By William Nash
Jason Aldean’s song “Try That In A Small Town” extols small towns as bastions of conservative values standing up against a litany of violent big-city bogeymen. The song, and the backlash against it, threatens to strengthen popular conceptions about the inherent conservatism of country music.
As an American Studies professor who teaches courses on country music, I am interested in the genre’s competing “liberal” lineage. For example, I have written about country musicians’ compassionate responses to the opioid crisis.
Another group of songs casts light on abortion rights, a newly pressing issue in the wake of 2022’s Dobbs v. Jackson Women’s Health Organization Supreme Court decision overturning the constitutional right to abortion. Rather than resort to angry polemics or pronouncements about morality, however, these country – and, more broadly, Americana – songs create intimate portraits of the women and men engaged in the painful realities of daily life. This helps maintain compassion and empathy in discussions of reproductive freedom.
Stories in post-Roe America
Perhaps the most striking of the new “abortion songs” comes from acoustic guitar wizard Molly Tuttle, a bluegrass musician and rising star in the American roots music scene. With “Goodbye Mary,” a track from her new album, “City of Gold,” Tuttle creates an intimate portrait of a woman’s struggle for bodily autonomy that captures the potential terrors of a post-Roe America.
The story chronicles the aftermath of a love affair between Thomas and Mary, whose language marks them as country folk. The song recounts Thomas’ abandoning the pregnant Mary, who chides him for failing to keep his promise to “build a cradle soon”; sending her directions on where to find an abortionist, who refuses to perform the procedure because “the baby’s too far ‘long”; encouraging Mary to fling herself down the stairs or “ride careless down a rocky road”; and saying that he “prays for her soul” after she finds and uses a “wire” in “the old tool shed” to abort the fetus. In the final verse, she asks him, from the confines of her jail cell, to “place pretty flowers on her grave.”
This last twist shifts the narrative from being solely a tale about the tragic failure of the man to own his part in the conception and destruction of their fetus. The story becomes a more layered statement about a woman’s grief when she is pushed to unbearable choices, and her need to balance control of her own body with the legal and psychological guilt imposed by society when she takes the only means of control open to her.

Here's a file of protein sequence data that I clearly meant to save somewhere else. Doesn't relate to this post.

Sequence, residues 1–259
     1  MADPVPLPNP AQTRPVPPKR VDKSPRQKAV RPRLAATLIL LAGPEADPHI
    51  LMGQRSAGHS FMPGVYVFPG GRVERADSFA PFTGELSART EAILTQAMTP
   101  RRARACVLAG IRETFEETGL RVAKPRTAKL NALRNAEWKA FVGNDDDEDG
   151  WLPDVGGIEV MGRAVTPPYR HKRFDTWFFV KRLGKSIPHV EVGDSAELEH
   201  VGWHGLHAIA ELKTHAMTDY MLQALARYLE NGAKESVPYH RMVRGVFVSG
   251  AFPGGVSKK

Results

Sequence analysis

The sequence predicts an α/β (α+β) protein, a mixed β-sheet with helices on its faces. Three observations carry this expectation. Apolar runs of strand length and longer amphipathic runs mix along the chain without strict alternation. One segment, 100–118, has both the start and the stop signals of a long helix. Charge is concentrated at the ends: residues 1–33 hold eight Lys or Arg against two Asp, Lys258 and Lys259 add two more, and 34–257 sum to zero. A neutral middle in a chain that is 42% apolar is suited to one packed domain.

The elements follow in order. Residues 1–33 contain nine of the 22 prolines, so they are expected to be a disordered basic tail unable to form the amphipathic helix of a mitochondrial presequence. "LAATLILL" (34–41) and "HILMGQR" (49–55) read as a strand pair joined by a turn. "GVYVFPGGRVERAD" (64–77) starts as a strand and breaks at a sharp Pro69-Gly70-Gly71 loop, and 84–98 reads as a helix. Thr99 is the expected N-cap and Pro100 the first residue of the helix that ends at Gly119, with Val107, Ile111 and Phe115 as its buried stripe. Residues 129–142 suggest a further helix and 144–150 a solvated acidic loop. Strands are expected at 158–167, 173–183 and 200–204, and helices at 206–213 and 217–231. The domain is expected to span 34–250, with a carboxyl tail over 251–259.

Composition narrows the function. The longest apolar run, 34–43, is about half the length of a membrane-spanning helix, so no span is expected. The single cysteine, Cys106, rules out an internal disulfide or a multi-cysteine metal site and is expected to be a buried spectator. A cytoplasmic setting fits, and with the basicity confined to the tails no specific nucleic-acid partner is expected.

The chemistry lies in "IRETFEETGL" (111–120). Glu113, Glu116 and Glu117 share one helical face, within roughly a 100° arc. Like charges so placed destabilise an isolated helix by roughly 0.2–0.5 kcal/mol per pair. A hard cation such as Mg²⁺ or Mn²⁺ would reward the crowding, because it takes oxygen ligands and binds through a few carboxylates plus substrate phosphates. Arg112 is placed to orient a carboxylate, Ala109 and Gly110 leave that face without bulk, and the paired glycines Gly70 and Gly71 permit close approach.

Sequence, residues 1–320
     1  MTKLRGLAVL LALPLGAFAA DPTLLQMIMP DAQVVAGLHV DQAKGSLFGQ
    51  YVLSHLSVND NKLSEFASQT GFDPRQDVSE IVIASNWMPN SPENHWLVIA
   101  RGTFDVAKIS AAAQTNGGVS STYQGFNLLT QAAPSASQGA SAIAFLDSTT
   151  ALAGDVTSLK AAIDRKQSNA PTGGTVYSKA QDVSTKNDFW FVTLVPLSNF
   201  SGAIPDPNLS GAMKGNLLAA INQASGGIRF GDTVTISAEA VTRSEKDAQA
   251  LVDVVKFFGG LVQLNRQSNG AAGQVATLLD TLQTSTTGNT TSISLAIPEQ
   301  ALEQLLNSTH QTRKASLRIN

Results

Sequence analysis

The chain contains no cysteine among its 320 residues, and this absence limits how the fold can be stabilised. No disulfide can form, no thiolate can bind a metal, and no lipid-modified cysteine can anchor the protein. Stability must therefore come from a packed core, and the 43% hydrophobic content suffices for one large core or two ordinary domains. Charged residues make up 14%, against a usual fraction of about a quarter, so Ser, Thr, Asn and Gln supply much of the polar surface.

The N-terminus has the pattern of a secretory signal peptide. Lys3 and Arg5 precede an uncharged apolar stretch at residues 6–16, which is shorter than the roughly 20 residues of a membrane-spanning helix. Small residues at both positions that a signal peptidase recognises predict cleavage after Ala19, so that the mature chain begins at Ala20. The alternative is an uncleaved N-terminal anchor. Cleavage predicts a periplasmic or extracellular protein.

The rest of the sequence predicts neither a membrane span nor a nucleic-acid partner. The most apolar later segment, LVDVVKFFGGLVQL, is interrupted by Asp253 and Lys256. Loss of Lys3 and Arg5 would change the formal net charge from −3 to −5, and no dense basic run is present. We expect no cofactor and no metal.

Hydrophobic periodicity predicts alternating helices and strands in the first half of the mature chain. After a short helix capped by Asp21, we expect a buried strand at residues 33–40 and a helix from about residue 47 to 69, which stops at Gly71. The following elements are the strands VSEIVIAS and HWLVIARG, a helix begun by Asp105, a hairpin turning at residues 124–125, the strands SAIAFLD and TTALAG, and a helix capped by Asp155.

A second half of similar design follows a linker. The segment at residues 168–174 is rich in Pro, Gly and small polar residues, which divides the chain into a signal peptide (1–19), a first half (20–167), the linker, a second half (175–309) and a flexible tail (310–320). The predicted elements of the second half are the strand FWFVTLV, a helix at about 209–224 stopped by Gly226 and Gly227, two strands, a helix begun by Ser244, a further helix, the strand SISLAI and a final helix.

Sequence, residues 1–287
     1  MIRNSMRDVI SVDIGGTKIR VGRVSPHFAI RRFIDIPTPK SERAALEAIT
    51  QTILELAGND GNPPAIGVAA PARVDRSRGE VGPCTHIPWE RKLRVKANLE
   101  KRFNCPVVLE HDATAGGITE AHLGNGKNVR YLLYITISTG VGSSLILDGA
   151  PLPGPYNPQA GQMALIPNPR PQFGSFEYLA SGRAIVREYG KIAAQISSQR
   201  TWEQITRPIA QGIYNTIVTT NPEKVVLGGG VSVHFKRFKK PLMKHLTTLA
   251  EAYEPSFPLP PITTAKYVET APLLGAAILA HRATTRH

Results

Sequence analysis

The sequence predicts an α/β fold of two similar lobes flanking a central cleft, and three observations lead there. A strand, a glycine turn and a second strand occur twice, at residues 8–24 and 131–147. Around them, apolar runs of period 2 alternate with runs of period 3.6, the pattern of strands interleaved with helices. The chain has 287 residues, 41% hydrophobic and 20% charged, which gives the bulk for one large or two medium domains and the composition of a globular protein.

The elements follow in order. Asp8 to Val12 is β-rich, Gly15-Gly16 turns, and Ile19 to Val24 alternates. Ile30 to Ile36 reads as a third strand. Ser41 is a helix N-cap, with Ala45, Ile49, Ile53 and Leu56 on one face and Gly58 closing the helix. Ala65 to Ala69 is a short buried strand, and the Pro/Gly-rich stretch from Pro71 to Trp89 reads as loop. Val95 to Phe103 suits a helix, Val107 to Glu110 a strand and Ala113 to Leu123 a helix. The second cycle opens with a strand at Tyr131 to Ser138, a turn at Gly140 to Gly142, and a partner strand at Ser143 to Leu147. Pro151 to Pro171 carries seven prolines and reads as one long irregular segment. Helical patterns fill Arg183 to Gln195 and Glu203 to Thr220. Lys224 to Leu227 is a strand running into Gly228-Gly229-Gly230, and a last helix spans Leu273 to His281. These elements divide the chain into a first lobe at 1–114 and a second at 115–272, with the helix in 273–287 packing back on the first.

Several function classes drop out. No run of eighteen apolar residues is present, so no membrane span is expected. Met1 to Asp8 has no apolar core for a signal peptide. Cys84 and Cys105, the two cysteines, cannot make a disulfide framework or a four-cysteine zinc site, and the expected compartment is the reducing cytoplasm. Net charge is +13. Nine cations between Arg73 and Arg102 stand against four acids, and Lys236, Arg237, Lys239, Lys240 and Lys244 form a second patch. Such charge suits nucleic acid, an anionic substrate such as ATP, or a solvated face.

The result is an intimate portrait of a woman navigating a complex landscape made more perilous by the erasure of her rights. The agency left to her, in a world where male doctors can refuse her care and absentee partners can advocate for dangerous solutions, is self-destructive and scarring.
With “Goodbye Mary,” Tuttle joins a line of female artists who have used country, folk or roots music to emphasize women’s reproductive rights. Perhaps the most famous example is Loretta Lynn’s “The Pill,” a song so controversial that it was effectively banned by country radio programmers after its 1975 release. Despite the resistance to the song, its message resonated so strongly with country listeners that it became one of Lynn’s biggest hits.
You wined me and dined me when I was your girl
Promised if I’d be your wife, you’d show me the world
But all I’ve seen of this old world is a bed and a doctor bill
I’m tearing down your brooder house ‘cause now I’ve got the pill
Another well-known chronicler of women’s struggles is Dolly Parton, whose 1970 track “Down from Dover” chronicles the sufferings of an abandoned teenage mother who feels relief and grief when her baby is stillborn. Less well-known by the mainstream but no less critically important in this history is Malvina Reynolds, whose 1973 “Rosie Jane” supported the Supreme Court’s 1973 Roe v. Wade ruling and whose 1978 “Back Alley Surgery” responded to efforts to restrict Medicaid funding of abortion.
There’s also a small but important history of male artists taking up these issues. Among the most moving of John Prine’s songs is “Unwed Fathers,” a pointed tale of Appalachian men who “can’t be bothered” with unwanted pregnancies and pursue personal and cultural freedoms that elude the women they have impregnated.
But not all the men in these situations are carefree. In “White Beretta,” a song from his “Weathervanes” album, Jason Isbell chronicles the retrospective grief and agony of a rural man who, when a teenager, failed to do more than the minimum for his pregnant girlfriend. The protagonist of the song does take her to have an abortion, but he offers her little empathy and sends her “in that room alone.” He does not regret the decision, thanking his former partner for her “grace/For the dreams we got to chase” because of her choice.
In the final analysis, both Tuttle and Isbell have created intimate, intricate portraits of people making decisions that cause them grief and bring them relief. Neither oversimplifies the issues at hand, just as neither artist wavers from the belief in the rightness of the decisions their respective characters make.
Put another way, these songs succeed in putting human faces on issues that have been depersonalized for political ends. Tuttle and Isbell remind their listeners that there’s more than one side to small-town life.
William Nash is Professor of American Studies and English and American Literatures at Middlebury College.
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